Dog pancreatitis can either be acute or chronic, and both varieties can be mild or severe. Although there are a few different causes for it, sometimes it is idiopathic so no solid causation factor is able to be found.
What the Pancreas Does
The pancreas is located underneath the intestine and stomach. It is a glandular organ that has two very important functions. These include:
Endocrine – Produce hormones, especially insulin, which is responsible for facilitating the storage and usage of proteins (amino acids) and sugar (glucose).
Exocrine – Produce essential enzymes that are needed to properly digest consumed food.
When dog pancreatitis occurs, the pancreas becomes inflamed. This in turn results in a dangerous leakage of digestive enzymes, which means that digestion is starting to take place on the pancreas itself.
The condition can come on very slowly over an extended period of time, or it can be acute, which means that it comes on suddenly, out of nowhere. Both forms are life-threatening.
Get More information About Your Dogs By Click Here: Edoctor Dogs Care
Causes of Pancreatitis
In most cases, an exact cause is unknown, but there is a long list of things that can contribute to the condition. Just a few of the most common causes include:
Contaminated water or food, especially common in outside dogs
Diet rich in fat dog
High fat content in the dog’s blood
Drugs and toxins such as antibiotics insecticides and diuretics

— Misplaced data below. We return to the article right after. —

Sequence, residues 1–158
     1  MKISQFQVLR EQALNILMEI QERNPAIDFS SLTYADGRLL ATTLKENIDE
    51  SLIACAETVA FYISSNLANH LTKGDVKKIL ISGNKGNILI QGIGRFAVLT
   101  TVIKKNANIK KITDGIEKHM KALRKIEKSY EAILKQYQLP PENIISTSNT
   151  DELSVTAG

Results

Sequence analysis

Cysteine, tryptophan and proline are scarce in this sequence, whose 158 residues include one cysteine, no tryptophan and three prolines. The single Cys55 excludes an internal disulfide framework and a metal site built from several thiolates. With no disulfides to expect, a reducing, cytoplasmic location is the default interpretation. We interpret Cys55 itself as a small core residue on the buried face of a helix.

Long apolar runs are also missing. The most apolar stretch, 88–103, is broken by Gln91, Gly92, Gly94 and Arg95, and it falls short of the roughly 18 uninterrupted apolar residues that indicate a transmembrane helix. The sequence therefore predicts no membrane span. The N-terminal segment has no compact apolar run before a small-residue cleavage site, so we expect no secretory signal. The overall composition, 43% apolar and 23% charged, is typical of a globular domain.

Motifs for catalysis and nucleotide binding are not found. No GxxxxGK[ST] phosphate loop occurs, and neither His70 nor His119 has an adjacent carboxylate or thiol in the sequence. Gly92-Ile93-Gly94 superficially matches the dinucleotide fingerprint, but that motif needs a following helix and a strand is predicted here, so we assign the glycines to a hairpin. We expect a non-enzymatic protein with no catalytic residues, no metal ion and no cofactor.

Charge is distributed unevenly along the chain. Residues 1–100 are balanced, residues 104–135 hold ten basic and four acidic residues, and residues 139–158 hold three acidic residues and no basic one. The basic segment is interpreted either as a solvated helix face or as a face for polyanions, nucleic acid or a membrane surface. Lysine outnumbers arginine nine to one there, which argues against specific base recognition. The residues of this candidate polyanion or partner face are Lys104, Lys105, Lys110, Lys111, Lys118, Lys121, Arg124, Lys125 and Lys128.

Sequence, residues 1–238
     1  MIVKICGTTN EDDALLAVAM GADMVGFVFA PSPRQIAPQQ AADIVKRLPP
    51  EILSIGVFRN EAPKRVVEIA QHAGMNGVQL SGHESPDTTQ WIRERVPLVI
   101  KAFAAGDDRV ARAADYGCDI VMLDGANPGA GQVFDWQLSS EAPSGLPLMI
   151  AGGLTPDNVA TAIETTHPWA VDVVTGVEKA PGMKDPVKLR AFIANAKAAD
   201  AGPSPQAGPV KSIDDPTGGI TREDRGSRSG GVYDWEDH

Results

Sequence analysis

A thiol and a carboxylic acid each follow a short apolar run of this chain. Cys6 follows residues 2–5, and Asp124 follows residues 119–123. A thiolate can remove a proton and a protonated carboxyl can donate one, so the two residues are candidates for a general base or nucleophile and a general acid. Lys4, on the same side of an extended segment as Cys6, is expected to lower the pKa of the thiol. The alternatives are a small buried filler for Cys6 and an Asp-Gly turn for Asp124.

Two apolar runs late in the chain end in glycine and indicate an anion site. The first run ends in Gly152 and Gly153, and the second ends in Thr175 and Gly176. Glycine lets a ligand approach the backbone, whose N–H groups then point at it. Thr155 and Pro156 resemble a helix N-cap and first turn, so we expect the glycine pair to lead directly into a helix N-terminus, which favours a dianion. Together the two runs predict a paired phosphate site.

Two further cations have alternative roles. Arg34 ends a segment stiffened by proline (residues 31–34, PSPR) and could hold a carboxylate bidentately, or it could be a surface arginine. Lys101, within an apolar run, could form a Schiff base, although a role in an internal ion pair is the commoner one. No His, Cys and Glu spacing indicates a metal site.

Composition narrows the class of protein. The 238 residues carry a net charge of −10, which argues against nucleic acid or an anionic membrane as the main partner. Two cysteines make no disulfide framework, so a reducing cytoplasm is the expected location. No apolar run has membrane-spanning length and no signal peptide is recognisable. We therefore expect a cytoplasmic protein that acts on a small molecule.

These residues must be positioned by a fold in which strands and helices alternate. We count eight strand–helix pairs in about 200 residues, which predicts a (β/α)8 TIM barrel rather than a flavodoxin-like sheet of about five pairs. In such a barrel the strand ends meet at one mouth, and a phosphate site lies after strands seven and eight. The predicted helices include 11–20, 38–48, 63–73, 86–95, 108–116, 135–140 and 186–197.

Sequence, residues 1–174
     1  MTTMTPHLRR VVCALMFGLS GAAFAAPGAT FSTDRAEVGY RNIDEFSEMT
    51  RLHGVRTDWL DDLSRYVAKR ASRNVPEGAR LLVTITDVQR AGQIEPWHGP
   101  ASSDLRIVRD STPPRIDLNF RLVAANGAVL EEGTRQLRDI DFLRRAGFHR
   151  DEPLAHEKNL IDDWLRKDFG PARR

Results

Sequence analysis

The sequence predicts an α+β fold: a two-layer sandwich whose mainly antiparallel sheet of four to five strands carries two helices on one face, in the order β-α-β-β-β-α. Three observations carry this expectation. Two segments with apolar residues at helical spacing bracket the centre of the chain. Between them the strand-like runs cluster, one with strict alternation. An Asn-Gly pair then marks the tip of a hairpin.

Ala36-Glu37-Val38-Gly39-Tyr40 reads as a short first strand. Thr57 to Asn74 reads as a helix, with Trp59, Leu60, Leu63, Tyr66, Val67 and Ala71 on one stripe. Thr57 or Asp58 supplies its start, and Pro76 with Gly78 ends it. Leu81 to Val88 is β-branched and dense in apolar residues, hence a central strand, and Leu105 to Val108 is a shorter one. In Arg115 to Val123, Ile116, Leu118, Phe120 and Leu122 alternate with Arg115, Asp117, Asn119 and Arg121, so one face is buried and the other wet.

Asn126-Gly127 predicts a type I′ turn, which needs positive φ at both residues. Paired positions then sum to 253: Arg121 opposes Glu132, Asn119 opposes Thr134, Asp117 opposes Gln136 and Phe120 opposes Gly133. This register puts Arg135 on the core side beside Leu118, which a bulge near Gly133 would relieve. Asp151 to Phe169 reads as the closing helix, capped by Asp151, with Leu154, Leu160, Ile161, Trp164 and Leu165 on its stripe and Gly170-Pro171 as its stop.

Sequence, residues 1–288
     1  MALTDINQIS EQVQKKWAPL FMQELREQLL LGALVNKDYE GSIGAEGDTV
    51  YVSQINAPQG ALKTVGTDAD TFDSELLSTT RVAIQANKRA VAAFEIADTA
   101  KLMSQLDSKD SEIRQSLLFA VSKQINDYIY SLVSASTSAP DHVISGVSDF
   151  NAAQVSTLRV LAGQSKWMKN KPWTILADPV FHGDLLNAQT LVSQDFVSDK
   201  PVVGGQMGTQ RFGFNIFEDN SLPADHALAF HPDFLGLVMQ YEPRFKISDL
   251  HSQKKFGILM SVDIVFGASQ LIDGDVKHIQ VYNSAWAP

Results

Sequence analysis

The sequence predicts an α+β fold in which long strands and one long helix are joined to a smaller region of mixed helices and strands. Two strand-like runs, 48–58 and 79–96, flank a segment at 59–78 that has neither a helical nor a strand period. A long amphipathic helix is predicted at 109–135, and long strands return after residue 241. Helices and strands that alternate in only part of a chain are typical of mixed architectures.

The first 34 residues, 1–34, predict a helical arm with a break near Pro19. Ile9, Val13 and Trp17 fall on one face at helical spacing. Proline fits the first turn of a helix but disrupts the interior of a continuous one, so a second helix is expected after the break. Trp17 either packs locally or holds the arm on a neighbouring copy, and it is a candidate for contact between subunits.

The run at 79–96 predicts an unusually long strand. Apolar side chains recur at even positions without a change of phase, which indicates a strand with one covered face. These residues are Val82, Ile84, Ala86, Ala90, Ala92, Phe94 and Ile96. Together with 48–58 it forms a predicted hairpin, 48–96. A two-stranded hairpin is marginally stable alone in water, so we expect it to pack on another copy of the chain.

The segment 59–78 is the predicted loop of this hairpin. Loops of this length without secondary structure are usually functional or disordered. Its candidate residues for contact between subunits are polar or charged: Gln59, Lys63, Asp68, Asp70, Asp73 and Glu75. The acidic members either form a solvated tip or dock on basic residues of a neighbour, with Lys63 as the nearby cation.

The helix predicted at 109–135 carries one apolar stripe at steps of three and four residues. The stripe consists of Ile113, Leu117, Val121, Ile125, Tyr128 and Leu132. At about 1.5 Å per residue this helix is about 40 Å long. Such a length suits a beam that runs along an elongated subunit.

Viral or bacterial infection in dog
Diabetes mellitus in dog
Cushing’s disease in dog
Although all dogs are at risk, middle age to older canines, especially those that are obese, are most susceptible. Females have a higher occurrence than males as well.
Related Links:Separation Anxiety in Dogs
Learning the early warning signs might just save your dog’s life. Keep in mind that symptoms vary from one animal to the next. While one dog may be more obvious, showing several symptoms, another may only show one.
Loss of appetite
Low body temperature or fever
Pain in the abdomen
If you suspect that your dog may have pancreatitis, you need to seek treatment right away. The vet will ask a lot of questions about the history of your dog, such as diet, where their food is kept, if they live outside, get into the garbage, etc. It is important that you answer all questions truthfully for a proper diagnosis.
Related Posts: Home Made Dog Foods
They will also do blood tests, check pancreatic enzyme levels, do a physical exam and some may order a radiogram to rule out the possibility of a foreign object in the intestines.
dog pancreatitis treatment at home
Dehydration is almost inevitable with dog pancreatitis so an IV is usually needed in early stages of treatment to monitor and maintain fluid levels and manage pain. Usually no food or water will be given by mouth for several days so the gastrointestinal system and pancreas can rest and heal.
At this point, a high-fiber, low-fat diet will typically be required. The vet may recommend specific supplements as well.
More About Dogs : Toxic and Dangerous Foods That Your Dog Should Never Eat.